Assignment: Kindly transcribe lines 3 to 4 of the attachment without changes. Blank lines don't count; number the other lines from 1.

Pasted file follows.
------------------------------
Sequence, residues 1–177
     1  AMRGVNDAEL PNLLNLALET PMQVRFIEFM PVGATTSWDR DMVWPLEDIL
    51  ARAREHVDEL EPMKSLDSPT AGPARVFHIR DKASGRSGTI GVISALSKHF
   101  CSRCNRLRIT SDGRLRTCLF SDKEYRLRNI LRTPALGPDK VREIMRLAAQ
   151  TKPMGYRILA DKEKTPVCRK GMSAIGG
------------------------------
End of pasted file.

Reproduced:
    51  ARAREHVDEL EPMKSLDSPT AGPARVFHIR DKASGRSGTI GVISALSKHF
   101  CSRCNRLRIT SDGRLRTCLF SDKEYRLRNI LRTPALGPDK VREIMRLAAQ